The Spartans remain unbeaten through eight games in a very deep Big Ten as they’re quietly looking like one of the most consistent teams in the country. This team doesn’t have a headline-making star like Miles Bridges, but Michigan State is playing together and playing hard on both ends of the floor.

## No. 11 North Carolina beats No. 10 Virginia Tech 103-82

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CHAPEL HILL, N.C. — North Carolina went from being unable to hit a 3-pointer to seemingly unable to miss. And its touted freshmen rolled to big nights against a highly ranked Atlantic Coast Conference opponent.

This is more what coach Roy Williams envisioned — or hoped for, anyway — from his 11th-ranked Tar Heels.

Freshman Coby White scored 27 points while UNC hit a season-high 16 3-pointers to beat No. 10 Virginia Tech 103-82 on Monday night, cracking the 100-point mark for the first time in league play.

Fellow rookie Nassir Little added a season-high 23 points for the Tar Heels (15-4, 5-1 Atlantic Coast Conference), who struggled out of the gate to fall behind by nine while making just 1 of their first 12 3s. But it wasn’t long before just about everything started falling from behind the arc, an avalanche that sparked a game-turning 20-0 run that pushed UNC to a 45-31 lead by halftime.

“I’ve seen us play like that but not in enough spurts this year in games,” Williams said.

It was the Tar Heels’ best showing since scoring 103 points in a December home win against No. 4 Gonzaga. There have been clunkers since, though namely suffering the worst home loss in 16 seasons under their Hall of Fame coach against Louisville on Jan. 12.

“I think the key factor for us was we had won two games and then played terribly against Louisville,” Little said. “And we didn’t want that to happen this time. … We just wanted to keep going, keep that energy going, keep that win streak going.”

UNC made 15 of its last 22 3-pointers, shot 54 percent for the game and led by 27 points.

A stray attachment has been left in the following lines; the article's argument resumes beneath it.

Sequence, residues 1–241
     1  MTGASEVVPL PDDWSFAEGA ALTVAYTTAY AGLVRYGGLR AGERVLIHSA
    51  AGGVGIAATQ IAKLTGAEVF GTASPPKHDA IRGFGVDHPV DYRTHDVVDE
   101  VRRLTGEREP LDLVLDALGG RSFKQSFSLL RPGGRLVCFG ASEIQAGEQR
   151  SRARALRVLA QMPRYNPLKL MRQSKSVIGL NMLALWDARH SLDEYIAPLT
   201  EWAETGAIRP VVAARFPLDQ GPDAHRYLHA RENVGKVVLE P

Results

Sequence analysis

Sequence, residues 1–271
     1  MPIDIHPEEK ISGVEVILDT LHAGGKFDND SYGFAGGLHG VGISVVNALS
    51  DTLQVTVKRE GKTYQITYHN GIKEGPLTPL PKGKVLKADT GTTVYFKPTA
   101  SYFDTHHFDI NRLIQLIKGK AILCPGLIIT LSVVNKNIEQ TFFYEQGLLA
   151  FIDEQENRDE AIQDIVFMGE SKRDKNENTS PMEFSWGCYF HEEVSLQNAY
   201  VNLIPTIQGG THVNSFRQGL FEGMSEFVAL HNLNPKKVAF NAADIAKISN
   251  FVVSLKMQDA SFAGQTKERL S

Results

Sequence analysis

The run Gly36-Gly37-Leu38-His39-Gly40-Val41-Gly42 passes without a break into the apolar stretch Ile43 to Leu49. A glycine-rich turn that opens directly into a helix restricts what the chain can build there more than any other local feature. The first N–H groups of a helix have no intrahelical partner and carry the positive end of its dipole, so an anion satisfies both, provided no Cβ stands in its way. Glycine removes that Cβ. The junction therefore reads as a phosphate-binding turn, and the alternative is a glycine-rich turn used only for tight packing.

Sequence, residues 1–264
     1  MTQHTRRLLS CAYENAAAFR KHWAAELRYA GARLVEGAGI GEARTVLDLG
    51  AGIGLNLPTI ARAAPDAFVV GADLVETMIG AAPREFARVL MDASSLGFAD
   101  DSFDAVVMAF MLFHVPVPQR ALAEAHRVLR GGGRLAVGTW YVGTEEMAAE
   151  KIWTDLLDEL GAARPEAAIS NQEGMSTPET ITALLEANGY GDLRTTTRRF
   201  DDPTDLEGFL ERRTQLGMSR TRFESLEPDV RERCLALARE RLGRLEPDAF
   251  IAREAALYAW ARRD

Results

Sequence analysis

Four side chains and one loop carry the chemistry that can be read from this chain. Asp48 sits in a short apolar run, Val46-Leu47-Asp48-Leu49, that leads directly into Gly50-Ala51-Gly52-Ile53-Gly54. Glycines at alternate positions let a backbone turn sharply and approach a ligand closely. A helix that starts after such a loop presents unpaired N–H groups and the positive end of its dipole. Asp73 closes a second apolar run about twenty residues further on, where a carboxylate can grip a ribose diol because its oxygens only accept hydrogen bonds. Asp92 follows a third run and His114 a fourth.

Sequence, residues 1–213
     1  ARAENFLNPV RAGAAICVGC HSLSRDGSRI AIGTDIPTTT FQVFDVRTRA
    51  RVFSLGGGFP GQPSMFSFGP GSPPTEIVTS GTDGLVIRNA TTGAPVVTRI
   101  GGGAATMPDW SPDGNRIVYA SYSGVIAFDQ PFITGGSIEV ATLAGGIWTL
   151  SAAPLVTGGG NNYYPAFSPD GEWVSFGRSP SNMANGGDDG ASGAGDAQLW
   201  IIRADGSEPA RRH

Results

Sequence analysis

Ahmed Hill scored 20 points for the Hokies (15-3, 4-2), who made 6 of 7 3-pointers in a fast start only to end the half by going nearly 6 minutes without a basket while dealing with foul trouble.

“I thought we tried to manage it the right way,” Hokies coach Buzz Williams said of the 20-0 run. “Obviously we didn’t get any stops. It was kind of a mix-match group that we were trying to survive with, and offensively we were for sure out of sorts.

“It kind of compounded on us fairly quick over those last four minutes.”

BIG PICTURE

Virginia Tech: This was the Hokies’ second road game against a ranked opponent in the past week. Things went poorly in the first at No. 3 Virginia, with the Hokies struggling at both ends in a woeful first half en route to a 22-point loss. Williams sounded happier with his team’s response this time around.

“I think collectively we feel different tonight in the locker room than we did (after the Virginia loss),” he said, adding: “The scores are similar but I think the energy and the effort and the fight tonight was different.”

UNC: The Tar Heels were coming off a win at Miami that pushed them to 3-0 on the road in ACC play, then shook off that slow start by putting five players in double figures — even with season-leading scorer Cameron Johnson managing just eight points.

“It just shows how deep our team is,” White said. “Our depth is crazy.”

White finished with seven rebounds, six assists and four steals to go with his game-high 27 points, becoming the first Tar Heel to lead his team in all four categories since Joseph Forte had 24 points, 16 rebounds, six assists and three steals in a February 2001 win at Duke.

FROM DEEEP

UNC’s 16 3-pointers are tied for the No. 2 total in program history, one shy of the program record set in 1995.

FOUL TROUBLE

The fouls added up in the first half for the Hokies. First starting point guard Justin Robinson headed to the bench with his third foul on a charge at the 9:52 mark, then season-leading scorer Nickeil Alexander-Walker picked up his third with 1:26 left in the first half.

INJURY NEWS

Hokies reserve P.J. Horne (4.8 points) didn’t play, with Buzz Williams saying he would be out indefinitely due to an undisclosed injury.

UP NEXT

Virginia Tech: The Hokies host Syracuse on Saturday night.

UNC: The Tar Heels visit Georgia Tech on Jan. 29.

This story has been corrected to show UNC’s game at Georgia Tech is Jan. 29, not Saturday.

## No. 6 Michigan State beats No. 13 Maryland 69-55

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EAST LANSING, Mich. — Aaron Henry made the most of his opportunity to play in place of injured starter Joshua Langford.